The insulation material we are using for the SURE HOUSE is a mineral wool material known as ROXUL. This product was chosen for several reasons. The first and foremost is its ability to dry out when wet to prevent moisture and mold issues. Compared to a typical fiberglass batt insulation which does not do well once wet, mineral wool is designed to dry out before mold can grow. This is essential for an area where flooding could be an issue, but is also very important in humid climates such as New Jersey. When creating a home that is airtight and highly insulated in a humid climate, one major concern that arises is condensation inside the assemblies of the envelope. For this reason, buildings must be designed in order to control this potential moisture issue, and depending on the season, there must be a way for moisture to dry out. ROXUL insulation is the best product for mitigating these issues and for a New Jersey coastal environment, it was a no brainer.
When talking about climate change and the need to reduce emissions, living sustainably is key. So what do we mean by sustainably? While there are probably thousands of ways to define this word, the most relevant definition today is “without relying on the use of fossil fuels or other limited natural resources.” So how is the SURE HOUSE sustainable? We will use up to 90% less energy than a typical New Jersey home by adhering to the most stringent building energy standard in the world, the Passive House Standard. This low energy demand combined with our solar array will also make us a Net Zero energy user year round. Now that’s sustainable.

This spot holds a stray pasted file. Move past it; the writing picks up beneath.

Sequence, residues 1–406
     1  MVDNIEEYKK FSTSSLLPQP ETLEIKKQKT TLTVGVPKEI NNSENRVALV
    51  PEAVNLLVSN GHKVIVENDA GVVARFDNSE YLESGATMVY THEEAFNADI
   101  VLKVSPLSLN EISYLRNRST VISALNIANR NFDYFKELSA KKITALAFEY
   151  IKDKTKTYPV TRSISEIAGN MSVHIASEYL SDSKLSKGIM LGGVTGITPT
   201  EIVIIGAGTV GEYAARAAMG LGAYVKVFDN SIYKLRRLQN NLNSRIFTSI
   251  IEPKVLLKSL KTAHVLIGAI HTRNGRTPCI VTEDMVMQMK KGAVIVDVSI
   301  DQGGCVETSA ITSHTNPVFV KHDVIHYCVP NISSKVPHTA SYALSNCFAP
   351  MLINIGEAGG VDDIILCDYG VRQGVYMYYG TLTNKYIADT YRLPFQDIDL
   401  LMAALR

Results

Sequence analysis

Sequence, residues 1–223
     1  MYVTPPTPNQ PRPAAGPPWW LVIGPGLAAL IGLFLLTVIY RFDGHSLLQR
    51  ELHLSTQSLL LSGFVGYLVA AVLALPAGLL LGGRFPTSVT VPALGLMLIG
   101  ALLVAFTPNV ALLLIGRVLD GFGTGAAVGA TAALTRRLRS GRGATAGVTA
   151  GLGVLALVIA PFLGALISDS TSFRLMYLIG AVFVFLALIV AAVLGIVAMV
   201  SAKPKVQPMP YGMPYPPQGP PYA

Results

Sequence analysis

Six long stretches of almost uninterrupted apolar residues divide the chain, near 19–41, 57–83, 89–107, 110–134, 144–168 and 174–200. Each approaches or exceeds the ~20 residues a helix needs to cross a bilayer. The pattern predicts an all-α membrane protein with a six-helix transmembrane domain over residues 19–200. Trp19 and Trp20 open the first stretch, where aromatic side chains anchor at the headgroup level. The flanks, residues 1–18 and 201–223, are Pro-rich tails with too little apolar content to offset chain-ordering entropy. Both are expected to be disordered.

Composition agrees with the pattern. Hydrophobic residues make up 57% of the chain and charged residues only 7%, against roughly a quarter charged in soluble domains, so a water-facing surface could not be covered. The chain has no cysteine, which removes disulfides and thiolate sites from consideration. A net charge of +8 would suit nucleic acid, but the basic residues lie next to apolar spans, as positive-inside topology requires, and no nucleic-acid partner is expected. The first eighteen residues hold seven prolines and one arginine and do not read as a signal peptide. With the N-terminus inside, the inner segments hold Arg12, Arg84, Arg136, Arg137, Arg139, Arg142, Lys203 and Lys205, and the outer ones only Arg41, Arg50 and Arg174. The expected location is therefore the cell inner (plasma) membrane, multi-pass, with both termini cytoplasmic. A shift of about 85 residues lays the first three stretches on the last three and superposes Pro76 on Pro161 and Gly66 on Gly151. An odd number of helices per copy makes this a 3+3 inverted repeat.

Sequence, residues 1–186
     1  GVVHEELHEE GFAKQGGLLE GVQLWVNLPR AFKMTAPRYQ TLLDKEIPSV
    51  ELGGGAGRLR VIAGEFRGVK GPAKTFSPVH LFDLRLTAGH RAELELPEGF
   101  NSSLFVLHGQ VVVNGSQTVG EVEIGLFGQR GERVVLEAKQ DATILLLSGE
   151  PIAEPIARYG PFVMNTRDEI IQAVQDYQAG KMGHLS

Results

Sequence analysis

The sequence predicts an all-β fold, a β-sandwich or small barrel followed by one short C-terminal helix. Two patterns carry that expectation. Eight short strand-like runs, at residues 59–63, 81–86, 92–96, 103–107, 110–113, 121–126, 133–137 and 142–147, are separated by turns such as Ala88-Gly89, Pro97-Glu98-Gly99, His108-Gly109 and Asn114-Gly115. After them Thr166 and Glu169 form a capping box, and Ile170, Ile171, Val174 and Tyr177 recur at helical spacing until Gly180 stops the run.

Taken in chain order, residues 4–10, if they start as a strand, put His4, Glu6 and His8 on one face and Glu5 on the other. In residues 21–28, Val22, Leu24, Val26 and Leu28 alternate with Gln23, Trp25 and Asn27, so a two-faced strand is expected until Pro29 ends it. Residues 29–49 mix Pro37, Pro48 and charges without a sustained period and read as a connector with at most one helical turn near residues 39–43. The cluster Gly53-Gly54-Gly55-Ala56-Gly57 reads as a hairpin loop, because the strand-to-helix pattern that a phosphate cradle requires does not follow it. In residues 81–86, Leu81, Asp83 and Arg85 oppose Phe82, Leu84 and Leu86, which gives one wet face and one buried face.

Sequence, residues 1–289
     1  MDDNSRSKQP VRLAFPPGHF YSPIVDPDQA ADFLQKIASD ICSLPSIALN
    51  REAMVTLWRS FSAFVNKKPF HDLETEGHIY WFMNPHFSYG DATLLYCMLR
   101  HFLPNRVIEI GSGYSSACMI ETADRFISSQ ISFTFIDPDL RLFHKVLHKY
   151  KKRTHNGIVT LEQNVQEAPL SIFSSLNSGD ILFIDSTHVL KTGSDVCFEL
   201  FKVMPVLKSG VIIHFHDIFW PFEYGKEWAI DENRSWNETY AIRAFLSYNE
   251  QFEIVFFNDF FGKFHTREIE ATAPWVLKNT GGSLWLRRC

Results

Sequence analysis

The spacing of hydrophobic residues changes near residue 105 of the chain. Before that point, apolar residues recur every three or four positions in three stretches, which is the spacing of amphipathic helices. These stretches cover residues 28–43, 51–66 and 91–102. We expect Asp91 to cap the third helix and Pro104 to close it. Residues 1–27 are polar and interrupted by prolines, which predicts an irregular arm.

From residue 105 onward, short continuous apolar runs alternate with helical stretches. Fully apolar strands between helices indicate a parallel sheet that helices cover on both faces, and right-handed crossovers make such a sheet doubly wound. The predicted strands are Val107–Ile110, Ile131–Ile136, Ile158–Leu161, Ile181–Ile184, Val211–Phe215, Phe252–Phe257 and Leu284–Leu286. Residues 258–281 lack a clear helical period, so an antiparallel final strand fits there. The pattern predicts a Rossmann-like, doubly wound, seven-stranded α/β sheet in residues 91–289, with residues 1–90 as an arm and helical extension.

When most people think of a building with low-energy use they often think of the efficient technologies used such as LED lights, low-energy refrigerators or efficient dishwashers. While these things are an important part of the equation, there is no question that in climates with big temperature swings between seasons, such as the Northeast United States, the energy needed to heat and cool a building will always be its greatest single energy demand. Therefore reducing the need to heat and cool a home is the best way to cut down your overall energy consumption, and the best way to do this is to create a building that virtually eliminates the exchange of heat with the exterior climate and holds on to the energy used to condition the interior air. This is the idea behind Passive House and explains why one of the most important parts of this house is its insulation, the material that increases the thermal resistance, or R-Value of a wall, roof, or floor assembly.
In order to reach the Passive House Standard, an energy model of a building must be validated which calculates the yearly heating and cooling energy consumption based on local climate data and all of the specifics of the home. A very important part of this model is the thermal resistance or R-Value of the building envelope, the shell of the building that is in contact with both interior air on one side and exterior air on the other. These values are split up by surfaces, walls, roof, floor, windows and doors and your energy model helps you determine what values you need to hit to meet the Passive House Standard, often 1.5 to 2 times what is required by code. For the SURE HOUSE, we have designed our house to have an R-50 roof, R-37 walls, and R-30 floors. In New Jersey, code requires an R-39 Roof, R-19 walls and R-13 floors. These numbers were chosen because of the results from our energy model compared to the cost to insulate more. While insulating is cheap, there are diminishing returns the more you insulate. Therefore, going from an R-0 wall to an R-50 wall will have a much greater effect on your heating energy consumption than going from an R-50 wall to and R-100 wall.
— We are excited to have started building the SURE HOUSE in a parking lot on the campus of Stevens Institute of Technology in Hoboken New Jersey. “SURE Construction” is a subset of our PopSci blog that we’ll use to chronicle our construction process. Check back often if you want to follow our progress and get a first hand view of how a sustainable and resilient house takes shape.